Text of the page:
Cabernet Sauvignon (65%), Cabernet Franc (25%) and Merlot (10%); aged 12 months in new and one-year French oak barrels. Freshly ground beef, green pepper, cassis and ash. Smooth, round. Tannins seem fruit-cloaked, in the background. Oak a little too present for now. Good structure and length. Decent enough but lacking charm. (Buy again? No.)

Bolgheri 2008, Le Serre Nuove, Tenuta dell’Ornellaia ($59, 10223574)
The second wine of Ornellaia. Merlot (50%), Cabernet Sauvignon (35%), Cabernet Franc (9%) and Petit Verdot (6%). Aged 18 months in a mix of new and year-old oak casks. Nose dominated by sweet oak (vanilla, toast, chocolate), albeit very classy oak; Bordeauxish cassis, graphite and cedar are also present, though you have to look for them. Far too oaky on first taste. With time, the wood receded slightly and you could see the makings of an elegant, structured and balanced wine. Obviously needs another five years or so to mature. That said, I’m left wondering whether it will ever taste Italian. (Buy again? No.)

Maremma Toscana IGT 2005, Sesà, I Vigneti di Poggio Foco ($39.50, 10538728)
Organically farmed Merlot (50%), Cabernet Franc (30%) and Cabernet Sauvignon (15%) with the remainder made up of other, unspecified grape varieties. Spent 18 months in new French oak barrels. Lovely fresh nose of cassis and graphite yet more Langhe- than Bordeaux-like. Smooth and fluid texture. More medium- than full-bodied. Tobacco and cedar – but oddly little oak – scent the fruit. Good structure and acidity. Ripe tannins turn a little drying on the long finish. Many tasters’ wine of the night.  (Buy again? Sure.)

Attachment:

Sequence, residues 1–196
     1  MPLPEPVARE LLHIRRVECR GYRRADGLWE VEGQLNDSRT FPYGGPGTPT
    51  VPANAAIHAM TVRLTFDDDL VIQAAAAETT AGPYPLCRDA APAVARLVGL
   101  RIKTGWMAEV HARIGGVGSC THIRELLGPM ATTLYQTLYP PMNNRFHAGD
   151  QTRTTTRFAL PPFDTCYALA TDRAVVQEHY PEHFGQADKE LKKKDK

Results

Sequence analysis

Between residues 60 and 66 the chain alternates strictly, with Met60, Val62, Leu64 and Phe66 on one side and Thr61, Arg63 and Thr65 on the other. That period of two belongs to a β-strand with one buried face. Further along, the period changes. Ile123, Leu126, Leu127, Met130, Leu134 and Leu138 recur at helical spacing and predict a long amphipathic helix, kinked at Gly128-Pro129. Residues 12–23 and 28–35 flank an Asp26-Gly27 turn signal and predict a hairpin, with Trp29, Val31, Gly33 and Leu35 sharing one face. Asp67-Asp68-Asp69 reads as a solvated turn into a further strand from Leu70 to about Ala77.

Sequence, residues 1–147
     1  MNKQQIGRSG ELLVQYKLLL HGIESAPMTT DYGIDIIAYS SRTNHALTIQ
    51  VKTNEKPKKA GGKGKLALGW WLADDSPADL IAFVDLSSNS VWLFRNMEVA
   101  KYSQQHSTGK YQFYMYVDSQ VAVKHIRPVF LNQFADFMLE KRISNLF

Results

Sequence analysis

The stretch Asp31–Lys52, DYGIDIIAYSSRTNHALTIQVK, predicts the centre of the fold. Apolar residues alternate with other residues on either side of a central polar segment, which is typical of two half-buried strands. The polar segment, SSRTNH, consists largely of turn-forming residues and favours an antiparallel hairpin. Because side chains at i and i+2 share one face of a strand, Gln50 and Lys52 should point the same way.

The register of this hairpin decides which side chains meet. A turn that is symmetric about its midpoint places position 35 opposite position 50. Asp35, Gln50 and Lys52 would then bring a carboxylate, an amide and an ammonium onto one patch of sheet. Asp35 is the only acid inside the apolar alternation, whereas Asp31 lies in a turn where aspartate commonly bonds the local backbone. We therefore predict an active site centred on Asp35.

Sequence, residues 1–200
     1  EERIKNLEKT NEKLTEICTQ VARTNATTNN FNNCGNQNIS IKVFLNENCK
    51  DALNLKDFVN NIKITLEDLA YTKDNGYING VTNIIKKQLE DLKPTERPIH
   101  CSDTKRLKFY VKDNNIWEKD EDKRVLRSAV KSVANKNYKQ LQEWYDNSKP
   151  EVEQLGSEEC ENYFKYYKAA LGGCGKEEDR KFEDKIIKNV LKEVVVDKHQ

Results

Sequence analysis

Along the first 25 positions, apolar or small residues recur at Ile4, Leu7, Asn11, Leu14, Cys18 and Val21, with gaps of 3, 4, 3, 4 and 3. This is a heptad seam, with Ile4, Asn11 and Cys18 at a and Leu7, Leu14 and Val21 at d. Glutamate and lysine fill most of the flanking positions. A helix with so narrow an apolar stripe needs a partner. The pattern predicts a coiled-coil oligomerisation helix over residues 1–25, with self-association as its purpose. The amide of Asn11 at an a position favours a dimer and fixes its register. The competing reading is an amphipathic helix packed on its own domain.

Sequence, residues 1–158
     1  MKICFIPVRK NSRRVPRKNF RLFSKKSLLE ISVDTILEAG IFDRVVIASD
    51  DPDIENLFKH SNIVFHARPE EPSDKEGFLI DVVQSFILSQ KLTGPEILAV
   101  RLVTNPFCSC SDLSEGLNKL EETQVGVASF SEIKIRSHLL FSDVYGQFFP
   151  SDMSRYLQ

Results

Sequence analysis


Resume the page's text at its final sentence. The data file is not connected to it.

Bolgheri Superiore 2007, Sapaio, Podere Sapaio ($47.50, 10860805)
Cabernet Sauvignon (50%), Merlot (30%) with Cabernet Franc and Petit Verdot. Spent 18 months in oak casks. Complex and engaging nose: black cherry, red meat, ink, slate, wood, fresh-turned earth, grass/herbs, hint of kirsch (14.5%). Rich and dense, big and muscular but not galumphing. Sweet fruit on entry with a swelling bitter undercurrent. Velvety tannins, showing some astringency on finish. As the wine breathed, the oak became more apparent.  Long, liqueurish (Chambord?) finish. A sun-drenched Cabernet, bordering on New Worldish yet retaining its Italian accent. Will likely improve over the next five to eight years. Made a credible pairing for a grilled rib eye sliced and drizzled with garlic- and rosemary-infused olive oil. (Buy again? Not my style but recommendable all the same.)

Popular with SAQ wine advisors and local critics, the Sapaio has a reputation for punching above its weight. I’d originally planned to include it in the tasting but inadvertently left it at home, leading to its last-minute replacement by Le Serre Nuove.


Cuvée Blanche 2008, Vin de glace, Vignobles Les Vents d’Ange ($35/375 ml, Sublime Vins et Spiritueux)
100% Kay Gray. Apple butter and honey nose with a hint of spice and vanilla. Sweet but not saccharine. Acidic enough to avoid syrupiness. Not particularly complex flavour profile. Long, honeyed finish with a cheesy note. (Buy again? Maybe.)

Written by carswell

January 30, 2011 at 18:07

One Response

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  1. […] it worth $28? The answer’s not as obvious as it was for the 2009 and 2010 but I’m inclined to give the estate the benefit of the doubt, especially this […]